Thursday, May 19, 2011

Common and standardization are not the same thing

I once had someone try and convince me that top-down mandated, standardized exams, that were made by only a few, but forced upon the many, were not in fact standardized exams - rather they wanted me to believe, so very badly, that they were merely common exams.

The idea being that if we simply called them common, and not standardized, then the exams would be inherently less objectionable. I mean who can argue with something as warm and fuzzy as common?

In my heart, I knew they were standardized but I struggled to put what I knew to be true into words... until now. John Spencer's video and post titled Suffocating in Standardization made the distinction between standardization and common crystal clear.

These "common" exams weren't common by John's definition. There was nothing democratic about how these exams were being "shared". I wasn't free to take it, change it, and or trash it. I had no choice over whether they were appropriate for my students. There was nothing democratic or fair about these "common" exams.

The only thing common about these exams was that we were all forced to do them. Because political power was required to ensure mandated uniformity, these exams were by definition standardized.

At the heart of the illusion of standardization is a deeply misguided belief that providing a great education to all children requires all kids to get the same education. Until we understand that we can not provide learners with their needs by pretending that everyone has the same needs, standardization will continue to look like the solution rather than the problem it really is.


  1. "At the heart of the illusion of standardization is a deeply misguided belief that providing a great education to all children requires all kids to get the same education." I've been meditating on differentiation throughout this year and this comment is at the root of it. Many of my impulses to differentiate become blunted or confused by the impulse to assess students in an undifferentiated manner. Certainly my province's standardized tests and our school's common assessments played a part in this. I think the distinction between standard and common is important. I see why they can become confused though. I imagine the consensus within a body of teachers may mask the initiative of a small group influencing a lightly committed group of colleagues to follow an action plan. The result might appear not so different to teachers than the provincial department's tests. I cannot go beyond that because here in Saskatchewan we are not touched by national standards or national testing. I remind myself that the entire educational infrastructure of Saskatchewan is smaller than urban systems such as Toronto and Vancouver. A test designed in Regina for the province is not so very disconnected.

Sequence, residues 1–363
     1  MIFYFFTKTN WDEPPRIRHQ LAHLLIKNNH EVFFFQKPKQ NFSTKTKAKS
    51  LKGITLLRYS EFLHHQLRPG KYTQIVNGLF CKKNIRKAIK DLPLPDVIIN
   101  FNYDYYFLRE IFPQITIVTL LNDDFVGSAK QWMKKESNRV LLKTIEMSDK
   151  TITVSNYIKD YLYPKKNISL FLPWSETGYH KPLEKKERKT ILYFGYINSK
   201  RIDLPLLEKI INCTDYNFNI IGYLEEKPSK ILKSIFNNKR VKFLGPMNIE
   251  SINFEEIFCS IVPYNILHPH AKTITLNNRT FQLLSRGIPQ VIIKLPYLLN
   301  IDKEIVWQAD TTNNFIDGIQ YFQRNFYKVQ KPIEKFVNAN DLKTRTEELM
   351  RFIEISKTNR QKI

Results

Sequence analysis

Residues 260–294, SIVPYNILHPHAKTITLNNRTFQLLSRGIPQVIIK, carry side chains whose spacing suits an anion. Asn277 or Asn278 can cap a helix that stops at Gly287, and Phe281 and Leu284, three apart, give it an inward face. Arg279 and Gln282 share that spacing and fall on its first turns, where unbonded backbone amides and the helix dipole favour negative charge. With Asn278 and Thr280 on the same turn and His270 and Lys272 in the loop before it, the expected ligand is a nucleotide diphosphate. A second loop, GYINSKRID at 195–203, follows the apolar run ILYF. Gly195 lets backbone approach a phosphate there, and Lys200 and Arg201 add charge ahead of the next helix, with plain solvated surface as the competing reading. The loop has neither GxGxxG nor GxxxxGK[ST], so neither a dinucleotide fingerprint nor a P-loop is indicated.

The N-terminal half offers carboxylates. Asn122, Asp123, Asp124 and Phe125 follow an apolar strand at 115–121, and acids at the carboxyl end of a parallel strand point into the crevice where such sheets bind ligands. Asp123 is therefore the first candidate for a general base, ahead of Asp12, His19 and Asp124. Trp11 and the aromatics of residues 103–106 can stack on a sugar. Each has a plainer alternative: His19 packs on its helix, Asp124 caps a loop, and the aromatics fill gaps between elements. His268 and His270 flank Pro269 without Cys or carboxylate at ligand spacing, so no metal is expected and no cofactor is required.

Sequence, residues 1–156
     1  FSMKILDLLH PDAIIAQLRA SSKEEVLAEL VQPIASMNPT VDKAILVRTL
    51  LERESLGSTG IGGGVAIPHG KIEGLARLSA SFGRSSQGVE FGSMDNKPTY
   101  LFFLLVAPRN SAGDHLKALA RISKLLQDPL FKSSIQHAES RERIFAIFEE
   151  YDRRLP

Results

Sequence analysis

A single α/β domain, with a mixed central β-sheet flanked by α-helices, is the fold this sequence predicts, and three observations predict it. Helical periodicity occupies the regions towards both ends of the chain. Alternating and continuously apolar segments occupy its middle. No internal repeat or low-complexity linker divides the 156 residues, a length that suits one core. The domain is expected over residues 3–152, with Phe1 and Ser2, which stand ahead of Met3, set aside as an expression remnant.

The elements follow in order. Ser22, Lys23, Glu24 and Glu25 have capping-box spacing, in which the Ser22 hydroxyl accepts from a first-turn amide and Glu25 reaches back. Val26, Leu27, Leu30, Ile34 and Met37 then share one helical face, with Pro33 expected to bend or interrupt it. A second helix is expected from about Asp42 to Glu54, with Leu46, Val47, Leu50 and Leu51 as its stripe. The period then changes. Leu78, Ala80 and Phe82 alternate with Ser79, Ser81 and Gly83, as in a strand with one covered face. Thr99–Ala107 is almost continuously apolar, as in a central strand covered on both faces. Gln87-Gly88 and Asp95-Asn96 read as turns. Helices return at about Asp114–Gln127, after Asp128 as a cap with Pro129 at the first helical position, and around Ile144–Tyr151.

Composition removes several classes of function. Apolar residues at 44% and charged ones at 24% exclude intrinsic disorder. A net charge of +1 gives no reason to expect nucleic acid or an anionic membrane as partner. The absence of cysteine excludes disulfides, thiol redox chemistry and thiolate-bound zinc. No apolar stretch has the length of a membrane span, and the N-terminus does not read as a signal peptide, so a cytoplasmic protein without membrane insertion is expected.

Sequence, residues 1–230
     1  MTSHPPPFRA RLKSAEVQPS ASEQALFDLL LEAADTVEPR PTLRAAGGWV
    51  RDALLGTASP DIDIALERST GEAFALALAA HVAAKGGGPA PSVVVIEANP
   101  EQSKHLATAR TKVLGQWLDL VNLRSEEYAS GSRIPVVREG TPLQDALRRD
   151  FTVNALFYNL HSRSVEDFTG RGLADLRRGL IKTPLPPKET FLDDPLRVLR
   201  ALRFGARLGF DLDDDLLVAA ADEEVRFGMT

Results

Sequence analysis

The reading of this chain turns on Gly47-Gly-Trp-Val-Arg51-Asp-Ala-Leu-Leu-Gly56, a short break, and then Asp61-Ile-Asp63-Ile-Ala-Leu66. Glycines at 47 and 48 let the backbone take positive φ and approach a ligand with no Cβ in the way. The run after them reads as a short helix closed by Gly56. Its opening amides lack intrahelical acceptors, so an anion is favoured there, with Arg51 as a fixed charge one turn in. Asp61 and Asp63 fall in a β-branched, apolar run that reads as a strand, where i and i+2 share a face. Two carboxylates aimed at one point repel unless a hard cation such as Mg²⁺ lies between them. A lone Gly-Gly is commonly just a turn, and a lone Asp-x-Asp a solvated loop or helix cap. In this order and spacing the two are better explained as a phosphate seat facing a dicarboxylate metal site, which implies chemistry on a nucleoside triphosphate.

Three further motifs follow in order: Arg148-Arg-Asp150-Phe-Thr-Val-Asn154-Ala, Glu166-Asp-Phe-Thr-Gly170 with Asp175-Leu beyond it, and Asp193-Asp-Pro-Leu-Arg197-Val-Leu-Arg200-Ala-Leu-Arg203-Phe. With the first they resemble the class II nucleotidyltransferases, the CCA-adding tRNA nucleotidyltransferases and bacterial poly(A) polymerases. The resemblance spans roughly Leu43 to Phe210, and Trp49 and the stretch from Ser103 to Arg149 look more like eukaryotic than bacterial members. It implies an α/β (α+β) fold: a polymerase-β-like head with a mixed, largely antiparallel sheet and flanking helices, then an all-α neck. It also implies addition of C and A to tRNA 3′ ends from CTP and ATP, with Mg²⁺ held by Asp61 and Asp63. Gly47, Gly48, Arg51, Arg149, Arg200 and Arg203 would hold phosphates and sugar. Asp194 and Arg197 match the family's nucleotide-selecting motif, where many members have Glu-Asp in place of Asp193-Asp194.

2. Hello from a new reader. I enjoyed the style of the presentation, not just the content. I appreciate your point about things we have in "common" (or things that are part of the "commons"). If it's truly "shared", I have two important options: to refuse, and to share back.

    There is something Orwellian about blurring the distinction between one-way and two-way communication, as well as between optional and mandatory "gifts".

    So, thanks for "sharing" (in the true sense).

  3. This is a very timely piece for me to read. I'm just finishing up my undergrad, and I'm debating the morality of assessment. Many schools are moving toward standardized assessments within each math unit. During my internship, I struggled to use these because they didn't suit the needs of my classroom or how I approached teaching. I thought that I was wrong for disliking these exams, but I'm glad that ethically, I'm on the right track. Common assessment (i.e. a basic principle behind the specific assessment available to be remodeled to each individual classroom and potentially to individual learners)sits way more comfortably with me. Thank you for writing this!


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